Recently, SIFMA hosted its 46th annual Operations Conference & Exhibition over several days of presentations and events and nearly 1,000 attendees. Inside a note, SIFMA recapped some of the highlights, including the future of fintech.
FINRA EVP and chief information officer Steven Randich shared with us how FINRA as an SRO is adopting fintech into its everyday operations. FINRA’s goal is to rebuild technology to improve market participants’ digital experience and make it easier for firms to navigate through FINRA’s many divisions and systems, i.e. decrease costs and burden for firms.
As a large data processor for surveillance – monitoring 100% of the equities markets and 70% of the options markets – FINRA processes 135 billion events per day, with trillions of nodes recreating market events. Some of the fintech capabilities they are now incorporating include:
- Data Storage – With the migration from data centers to cloud starting in 2013, the vast majority of data has moved as FINRA continues to increase the amount of automation for clients. Cloud increases capacity 10x and enables continuous tech refreshment, which should decrease costs to users and increase availability of data.
- Registration System – FINRA replaced its web-based CRD with a cloud-based platform, which should decrease duplicative tasks, increase automation and, therefore, reduce industry compliance burden and costs. (5,500+ individual, 50% of firms registered)
- Digital Experience – FINRA continues its digital experience transformation. This should end fragmentation across FINRA divisions and increase the amount of self service, which should be faster than waiting on the phone to speak with a human. The estimated benefit is >$100 million in savings per annum for the industry.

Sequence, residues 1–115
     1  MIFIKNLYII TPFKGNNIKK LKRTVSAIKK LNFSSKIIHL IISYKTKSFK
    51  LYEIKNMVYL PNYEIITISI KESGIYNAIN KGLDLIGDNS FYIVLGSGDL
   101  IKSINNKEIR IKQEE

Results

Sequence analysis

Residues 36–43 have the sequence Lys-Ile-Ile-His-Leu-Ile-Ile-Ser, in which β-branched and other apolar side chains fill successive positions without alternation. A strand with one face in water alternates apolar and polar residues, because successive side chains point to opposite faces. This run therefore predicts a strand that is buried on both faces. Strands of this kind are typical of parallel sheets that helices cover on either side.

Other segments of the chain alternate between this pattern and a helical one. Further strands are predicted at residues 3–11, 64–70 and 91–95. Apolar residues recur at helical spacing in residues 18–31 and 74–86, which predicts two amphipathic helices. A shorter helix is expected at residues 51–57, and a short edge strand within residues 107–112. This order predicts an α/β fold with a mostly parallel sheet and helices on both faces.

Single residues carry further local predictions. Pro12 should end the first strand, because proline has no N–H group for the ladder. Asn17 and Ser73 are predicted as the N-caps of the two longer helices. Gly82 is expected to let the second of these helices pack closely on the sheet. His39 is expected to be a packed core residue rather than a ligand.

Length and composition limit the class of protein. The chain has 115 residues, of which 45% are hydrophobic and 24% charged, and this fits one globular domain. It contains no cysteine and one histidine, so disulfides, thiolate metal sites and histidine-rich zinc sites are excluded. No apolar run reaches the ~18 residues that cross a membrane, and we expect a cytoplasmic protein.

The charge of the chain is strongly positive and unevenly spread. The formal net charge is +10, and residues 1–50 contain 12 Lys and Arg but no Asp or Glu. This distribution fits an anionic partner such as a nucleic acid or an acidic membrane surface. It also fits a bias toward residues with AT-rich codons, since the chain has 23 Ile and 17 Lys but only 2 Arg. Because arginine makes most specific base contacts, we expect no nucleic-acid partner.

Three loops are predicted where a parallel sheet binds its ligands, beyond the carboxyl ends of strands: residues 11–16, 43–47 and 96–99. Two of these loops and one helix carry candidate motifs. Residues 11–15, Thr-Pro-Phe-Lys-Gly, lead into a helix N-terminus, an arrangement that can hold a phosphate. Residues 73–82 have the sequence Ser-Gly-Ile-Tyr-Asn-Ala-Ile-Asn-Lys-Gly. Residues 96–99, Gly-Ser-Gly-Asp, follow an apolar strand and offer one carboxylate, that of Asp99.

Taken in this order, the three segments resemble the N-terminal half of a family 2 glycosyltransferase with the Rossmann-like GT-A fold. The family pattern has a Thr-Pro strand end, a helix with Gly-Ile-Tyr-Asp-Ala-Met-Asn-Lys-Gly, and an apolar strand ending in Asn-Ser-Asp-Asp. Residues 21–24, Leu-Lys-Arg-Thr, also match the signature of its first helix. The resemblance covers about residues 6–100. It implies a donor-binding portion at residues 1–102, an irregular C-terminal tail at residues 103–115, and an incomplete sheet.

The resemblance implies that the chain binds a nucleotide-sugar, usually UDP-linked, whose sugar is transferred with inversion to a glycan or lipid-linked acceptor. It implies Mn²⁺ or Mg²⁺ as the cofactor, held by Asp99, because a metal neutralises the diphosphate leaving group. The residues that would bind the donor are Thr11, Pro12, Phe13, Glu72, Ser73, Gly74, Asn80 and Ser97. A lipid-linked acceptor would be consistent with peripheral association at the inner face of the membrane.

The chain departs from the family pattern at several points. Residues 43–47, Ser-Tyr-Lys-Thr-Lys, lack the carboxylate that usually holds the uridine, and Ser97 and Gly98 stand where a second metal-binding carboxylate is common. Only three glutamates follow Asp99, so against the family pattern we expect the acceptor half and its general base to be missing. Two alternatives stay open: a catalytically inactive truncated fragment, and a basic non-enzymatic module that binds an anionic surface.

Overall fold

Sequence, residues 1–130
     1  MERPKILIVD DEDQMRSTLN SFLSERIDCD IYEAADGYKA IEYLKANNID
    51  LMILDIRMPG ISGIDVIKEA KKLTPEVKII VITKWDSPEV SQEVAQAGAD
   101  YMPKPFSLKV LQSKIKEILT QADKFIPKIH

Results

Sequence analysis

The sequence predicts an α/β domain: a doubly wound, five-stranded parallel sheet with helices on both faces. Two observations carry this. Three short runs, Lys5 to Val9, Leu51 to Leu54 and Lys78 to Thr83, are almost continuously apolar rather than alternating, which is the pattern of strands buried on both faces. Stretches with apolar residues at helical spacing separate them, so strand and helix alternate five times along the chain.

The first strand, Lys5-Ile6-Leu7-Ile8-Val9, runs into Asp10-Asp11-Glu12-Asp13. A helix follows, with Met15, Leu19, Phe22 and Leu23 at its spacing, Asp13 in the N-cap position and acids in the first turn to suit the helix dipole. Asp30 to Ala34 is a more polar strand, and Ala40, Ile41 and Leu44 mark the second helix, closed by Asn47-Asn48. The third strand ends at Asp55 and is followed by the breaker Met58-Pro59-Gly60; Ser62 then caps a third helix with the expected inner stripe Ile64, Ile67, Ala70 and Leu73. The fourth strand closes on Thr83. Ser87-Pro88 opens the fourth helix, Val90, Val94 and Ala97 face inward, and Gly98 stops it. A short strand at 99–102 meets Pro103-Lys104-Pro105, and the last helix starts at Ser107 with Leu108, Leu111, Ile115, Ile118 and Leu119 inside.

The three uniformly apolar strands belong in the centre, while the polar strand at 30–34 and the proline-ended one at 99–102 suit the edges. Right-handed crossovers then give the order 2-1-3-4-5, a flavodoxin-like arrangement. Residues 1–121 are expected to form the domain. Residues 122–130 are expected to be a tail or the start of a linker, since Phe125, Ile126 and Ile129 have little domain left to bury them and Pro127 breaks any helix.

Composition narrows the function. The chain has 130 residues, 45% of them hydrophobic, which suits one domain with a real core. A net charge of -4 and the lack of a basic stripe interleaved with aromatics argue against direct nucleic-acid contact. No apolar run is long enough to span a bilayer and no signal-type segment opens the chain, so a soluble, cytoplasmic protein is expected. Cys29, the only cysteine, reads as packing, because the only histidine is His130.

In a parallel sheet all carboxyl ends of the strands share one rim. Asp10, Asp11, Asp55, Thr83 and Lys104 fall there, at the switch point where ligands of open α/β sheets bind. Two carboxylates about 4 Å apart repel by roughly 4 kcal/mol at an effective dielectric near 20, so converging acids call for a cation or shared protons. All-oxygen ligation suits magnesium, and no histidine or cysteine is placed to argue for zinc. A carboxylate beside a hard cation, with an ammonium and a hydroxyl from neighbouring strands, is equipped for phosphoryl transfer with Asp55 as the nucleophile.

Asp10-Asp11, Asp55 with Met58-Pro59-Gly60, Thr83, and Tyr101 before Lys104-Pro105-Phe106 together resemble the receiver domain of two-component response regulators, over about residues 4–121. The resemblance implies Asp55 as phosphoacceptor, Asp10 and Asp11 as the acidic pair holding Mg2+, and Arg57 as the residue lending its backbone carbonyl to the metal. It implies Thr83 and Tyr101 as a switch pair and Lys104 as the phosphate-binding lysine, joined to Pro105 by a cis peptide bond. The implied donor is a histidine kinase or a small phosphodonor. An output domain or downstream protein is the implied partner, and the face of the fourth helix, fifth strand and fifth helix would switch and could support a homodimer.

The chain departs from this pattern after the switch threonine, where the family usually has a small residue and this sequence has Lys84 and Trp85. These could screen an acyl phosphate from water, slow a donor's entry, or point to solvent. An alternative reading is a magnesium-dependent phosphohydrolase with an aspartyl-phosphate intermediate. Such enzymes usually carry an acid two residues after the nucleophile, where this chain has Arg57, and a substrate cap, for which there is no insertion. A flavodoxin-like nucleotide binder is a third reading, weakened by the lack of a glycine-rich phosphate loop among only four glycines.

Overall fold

- Innovation – FINRA Createathon, which begin three years ago. is an annual two and one-half day event where cross-disciplinary teams generate ideas and present solutions (NLP, ML, AI, etc.). In 2018, 57 teams and 500 participants across 6 categories led to 12+ ideas advanced to the R&D stage. Idea stats: 57 feed ideas, 29 initiated, 12 developed, 9 presented for rating, 6 selected for funding and 1 completed and to be presented for business case funding.
The industry continues to analyze how fintech solutions can increase efficiencies in the back office, serve clients, manage risk or meet regulatory reporting requirements. While much of a firm’s technology spend is on ways to increase operational efficiencies and decrease costs (for the firms but also their customers), many firms also sponsor investments for fintech innovations.
As such, SIFMA highlighted key fintech topics heard at the conference:
- The Pecking Order – Capital markets exist to serve the needs of corporations, governments, investors and the economy. It is a complex ecosystem which needs multiple components to work in tandem. And while changes surrounding this ecosystem continue to be faster, faster, faster, the bedrock of financial services remains trust. As financial institutions are responsible to regulators and must maintain the trust/confidence of their clients, their approach differs from some fintechs which do not have these obligations and take a fail fast and often approach to innovation. Financial institutions can work to develop their own fintech capabilities or partner with fintech firms, i.e. build, partner or buy strategies. The challenge is how to transform legacy systems to modern ones, keeping the economics in place and not disrupting client services. When looking at fintech capabilities, the question becomes how do we use this to run the business and gain efficiencies? Modernization of operations can be end-to-end updating of systems/processes or developing individual tools (not end-to-end, ex: RPA for automation of specific tasks). In the financial services fintech maturity ladder, not all technologies are on the same rung: most firms are digitizing (RPA, robotics); some are using cloud technology; AI to scale is further out; and DLT is even further out in time to large-scale implementation.